The Best Development Plan in the World Originated With...the British Empire?

The secret to turning a poor nation into a rich one can't be found in a World Bank report. It wasn't hatched in the corridors of the International Monetary Fund, either. It came from the British Empire.

That is one way, at least, of interpreting Stanford economist Paul Romer's new plan for turning economically backward countries like Cuba into engines of growth like China. Experts have long known that the traditional tools of development don't work: free trade, foreign investment, and charity have failed as many countries as they've helped. The rot in a dysfunctional country is at its core—in the laws, institutions, and informal rules that govern daily life.

How to fix a problem so fundamental? Let a rich country take over part of a poor one. The hope, says Romer, is that the superior norms of the developed country will take root abroad. He calls his plan Charter Cities and illustrates it with a thought experiment. Imagine if the U.S. closes its prison at Guantánamo Bay and hands the land over to Canada, which agrees to develop it. "A new city blossoms," writes Romer.
It does for Cuba what Hong Kong, administered by the British, did for China; it connects Cuba to the global economy. To help the city flourish, the Canadians encourage immigration. It is a place with Canadian judges and Mounties that happily accepts millions of immigrants. Some of the new residents could be Cuban émigrés who return from North America. Others might be Haitians who come work in garment factories that firms no longer feel safe bringing into Haiti. The new city gives the Haitians their only chance to choose to live under a system of law that offers safety and opportunity.

Private contractors rush in to build airports and infrastructure, lured by the prospect of rising property values. Multinational firms open factories, attracted by the proximity to low-cost labor and the certainty of the Canadian legal system. Eventually, Cuban authorities decide to replicate the experiment across the island, opening new, Guantánamo-like "special economic zones," much as mainland China did starting in 1979, taking the Hong Kong model to Shenzhen and beyond. When played out on a global scale, "the gains from doing this are just enormous," says Romer.

Such a fanciful idea might be easily dismissed if it weren't coming from such an economic heavyweight. Romer transformed the field of growth theory in the 1980s, and his name is peppered throughout macroeconomic textbooks; he's been mentioned as a potential Nobel Prize recipient. "There's a thin line between revolutionary and crazy," says NYU economist and development expert William Easterly. "Paul Romer has been adept at walking that line throughout his career, staying just out of the crazy part. He's still tiptoeing along that line with this new idea."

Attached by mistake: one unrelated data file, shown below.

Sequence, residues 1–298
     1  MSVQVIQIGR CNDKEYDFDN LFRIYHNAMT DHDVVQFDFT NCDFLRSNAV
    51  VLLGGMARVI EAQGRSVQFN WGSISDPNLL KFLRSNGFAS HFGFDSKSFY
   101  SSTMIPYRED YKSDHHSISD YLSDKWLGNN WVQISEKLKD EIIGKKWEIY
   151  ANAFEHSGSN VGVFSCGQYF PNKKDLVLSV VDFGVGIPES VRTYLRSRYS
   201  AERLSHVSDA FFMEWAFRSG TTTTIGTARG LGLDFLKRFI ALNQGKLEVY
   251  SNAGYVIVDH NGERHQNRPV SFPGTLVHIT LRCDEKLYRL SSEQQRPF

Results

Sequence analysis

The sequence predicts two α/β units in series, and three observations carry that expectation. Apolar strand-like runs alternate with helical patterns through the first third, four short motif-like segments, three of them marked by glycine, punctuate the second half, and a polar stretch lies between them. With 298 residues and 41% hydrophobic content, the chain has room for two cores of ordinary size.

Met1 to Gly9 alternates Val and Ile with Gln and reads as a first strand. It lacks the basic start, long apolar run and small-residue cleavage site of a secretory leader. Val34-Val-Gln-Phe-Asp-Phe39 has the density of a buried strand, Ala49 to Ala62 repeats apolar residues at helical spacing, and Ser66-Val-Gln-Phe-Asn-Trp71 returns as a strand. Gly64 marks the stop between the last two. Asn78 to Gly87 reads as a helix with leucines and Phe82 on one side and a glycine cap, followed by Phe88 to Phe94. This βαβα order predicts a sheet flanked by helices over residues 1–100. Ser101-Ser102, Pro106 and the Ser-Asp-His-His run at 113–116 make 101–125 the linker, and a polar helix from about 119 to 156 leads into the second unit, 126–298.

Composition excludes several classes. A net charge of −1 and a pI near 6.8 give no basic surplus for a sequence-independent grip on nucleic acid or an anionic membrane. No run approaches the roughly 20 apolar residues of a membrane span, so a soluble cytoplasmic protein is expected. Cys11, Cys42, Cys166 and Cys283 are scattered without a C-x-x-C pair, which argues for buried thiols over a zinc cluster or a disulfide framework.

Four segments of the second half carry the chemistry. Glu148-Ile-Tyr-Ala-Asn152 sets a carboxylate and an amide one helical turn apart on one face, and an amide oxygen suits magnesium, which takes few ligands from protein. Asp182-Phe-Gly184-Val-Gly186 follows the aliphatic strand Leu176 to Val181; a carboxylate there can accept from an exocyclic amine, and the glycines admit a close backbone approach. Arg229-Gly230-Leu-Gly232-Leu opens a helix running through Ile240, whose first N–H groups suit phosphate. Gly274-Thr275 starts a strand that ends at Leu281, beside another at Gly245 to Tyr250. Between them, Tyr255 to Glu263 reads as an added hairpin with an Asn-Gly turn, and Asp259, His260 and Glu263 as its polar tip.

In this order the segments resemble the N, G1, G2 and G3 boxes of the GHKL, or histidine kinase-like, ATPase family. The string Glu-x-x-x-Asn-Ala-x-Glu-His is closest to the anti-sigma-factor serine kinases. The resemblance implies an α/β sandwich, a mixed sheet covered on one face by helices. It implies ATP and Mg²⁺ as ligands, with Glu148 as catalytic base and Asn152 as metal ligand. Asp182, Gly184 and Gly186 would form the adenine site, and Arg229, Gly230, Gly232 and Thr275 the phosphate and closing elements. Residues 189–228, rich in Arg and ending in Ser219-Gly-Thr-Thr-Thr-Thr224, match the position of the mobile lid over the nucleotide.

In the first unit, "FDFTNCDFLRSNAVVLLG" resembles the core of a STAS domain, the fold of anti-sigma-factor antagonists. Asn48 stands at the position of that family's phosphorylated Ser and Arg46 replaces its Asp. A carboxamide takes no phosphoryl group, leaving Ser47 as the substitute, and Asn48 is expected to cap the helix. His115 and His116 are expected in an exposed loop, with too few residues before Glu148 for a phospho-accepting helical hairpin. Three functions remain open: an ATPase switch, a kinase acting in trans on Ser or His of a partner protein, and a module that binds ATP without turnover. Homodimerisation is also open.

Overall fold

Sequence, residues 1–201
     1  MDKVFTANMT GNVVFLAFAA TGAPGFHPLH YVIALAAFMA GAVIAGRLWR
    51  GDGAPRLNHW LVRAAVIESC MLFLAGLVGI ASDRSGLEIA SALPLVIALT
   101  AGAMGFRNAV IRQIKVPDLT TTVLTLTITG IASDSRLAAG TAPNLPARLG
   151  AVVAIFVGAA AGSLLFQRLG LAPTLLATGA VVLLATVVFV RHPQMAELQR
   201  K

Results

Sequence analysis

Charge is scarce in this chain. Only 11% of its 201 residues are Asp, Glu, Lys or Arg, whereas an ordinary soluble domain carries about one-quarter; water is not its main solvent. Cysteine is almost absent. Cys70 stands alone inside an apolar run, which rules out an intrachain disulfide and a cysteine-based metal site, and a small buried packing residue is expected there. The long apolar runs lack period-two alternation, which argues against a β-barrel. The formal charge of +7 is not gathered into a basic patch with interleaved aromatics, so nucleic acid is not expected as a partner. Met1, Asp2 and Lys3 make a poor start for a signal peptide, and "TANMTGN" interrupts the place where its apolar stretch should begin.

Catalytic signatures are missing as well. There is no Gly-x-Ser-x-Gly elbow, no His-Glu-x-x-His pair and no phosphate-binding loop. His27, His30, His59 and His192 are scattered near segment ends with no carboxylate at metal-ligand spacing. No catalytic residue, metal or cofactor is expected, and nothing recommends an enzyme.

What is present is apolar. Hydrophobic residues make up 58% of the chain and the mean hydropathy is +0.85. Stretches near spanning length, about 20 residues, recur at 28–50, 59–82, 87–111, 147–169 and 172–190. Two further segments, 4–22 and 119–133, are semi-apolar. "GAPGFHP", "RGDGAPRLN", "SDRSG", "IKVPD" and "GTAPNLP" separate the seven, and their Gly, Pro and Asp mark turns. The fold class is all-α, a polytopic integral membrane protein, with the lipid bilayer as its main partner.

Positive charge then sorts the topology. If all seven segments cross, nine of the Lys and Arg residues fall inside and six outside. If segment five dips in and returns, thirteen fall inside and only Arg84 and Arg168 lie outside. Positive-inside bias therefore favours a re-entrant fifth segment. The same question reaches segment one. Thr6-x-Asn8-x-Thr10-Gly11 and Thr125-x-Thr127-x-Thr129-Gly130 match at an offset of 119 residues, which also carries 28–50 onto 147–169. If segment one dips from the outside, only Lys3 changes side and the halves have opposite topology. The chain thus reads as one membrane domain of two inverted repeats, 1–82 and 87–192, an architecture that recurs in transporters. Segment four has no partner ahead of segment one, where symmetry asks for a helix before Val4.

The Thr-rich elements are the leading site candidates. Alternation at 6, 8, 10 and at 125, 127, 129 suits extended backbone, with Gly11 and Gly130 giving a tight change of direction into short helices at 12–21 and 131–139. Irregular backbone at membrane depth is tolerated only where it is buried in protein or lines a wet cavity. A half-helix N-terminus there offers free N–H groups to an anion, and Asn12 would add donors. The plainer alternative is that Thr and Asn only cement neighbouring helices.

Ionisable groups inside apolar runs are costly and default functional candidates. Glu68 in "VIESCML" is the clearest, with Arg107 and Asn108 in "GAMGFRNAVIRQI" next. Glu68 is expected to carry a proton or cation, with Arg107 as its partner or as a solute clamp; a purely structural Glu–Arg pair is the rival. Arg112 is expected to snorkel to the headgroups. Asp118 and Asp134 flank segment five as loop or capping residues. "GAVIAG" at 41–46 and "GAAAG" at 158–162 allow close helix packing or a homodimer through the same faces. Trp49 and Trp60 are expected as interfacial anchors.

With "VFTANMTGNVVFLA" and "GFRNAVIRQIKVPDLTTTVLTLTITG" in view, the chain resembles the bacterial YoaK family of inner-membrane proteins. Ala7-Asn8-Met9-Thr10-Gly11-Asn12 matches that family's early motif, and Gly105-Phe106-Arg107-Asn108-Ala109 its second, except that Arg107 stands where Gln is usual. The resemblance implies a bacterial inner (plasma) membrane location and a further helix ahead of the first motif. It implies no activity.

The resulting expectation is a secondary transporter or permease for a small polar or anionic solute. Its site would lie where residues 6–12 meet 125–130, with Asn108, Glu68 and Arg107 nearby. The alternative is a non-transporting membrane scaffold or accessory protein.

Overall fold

Still, there's a pie-in-the-sky grandiosity to the scheme that elides some major stumbling blocks. One problem, admits Romer, is the parallel between charter cities and colonialism. Great Britain, for instance, would surely have qualms about taking over a few hundred acres of coastline in Ghana, where the legacy of slavery is still deeply felt. Romer says the similarities are surface level only—there's no coercion involved in a charter city since it would be founded on empty or near-empty land, and anyone who lives there would do so by choice. Charter cities would only be considered in countries that welcome them. But the colonial parallel would certainly still rankle some. One way to mitigate the PR problem would be to let a group of rich countries administer the charter area; that way, no single nation could be accused of exploiting the host.

But the image problem hints at a more basic choke point: politics. "What's clever about Paul's idea is he's saying, here's a totally brand-new government we can invent from scratch and make it compete with existing governments," says Easterly. "Anyone who doesn't like their existing government can move. That's an appealing notion. We're so sick of governments that mistreat us that it's kind of sticking them in the eye to say, here, we're going to come up with a new one." But though political competition is a seductive idea, it's also a threat to existing powers, some of whom would surely try to block it. And globally orchestrated projects have a very low success rate—just look at the molasseslike progression toward a climate-change agreement. "International politics is a swamp," says Easterly. "Things that involve international politics do not inspire a great deal of optimism in me."

Nonetheless, Romer is attacking the idea with the zeal of a, er, missionary. He's left his teaching position at Stanford and founded a nonprofit to pursue Charter Cities full time. He says he's already in talks with potential host countries, although he won't divulge which ones. Romer is confident that, despite the challenges, we'll see the first charter cities within a few years. For the world's poor and oppressed, that will be none too soon.

View a video of Romer talking about his plan at this year's TED Conference.

Visit the Charter Cities Web site.

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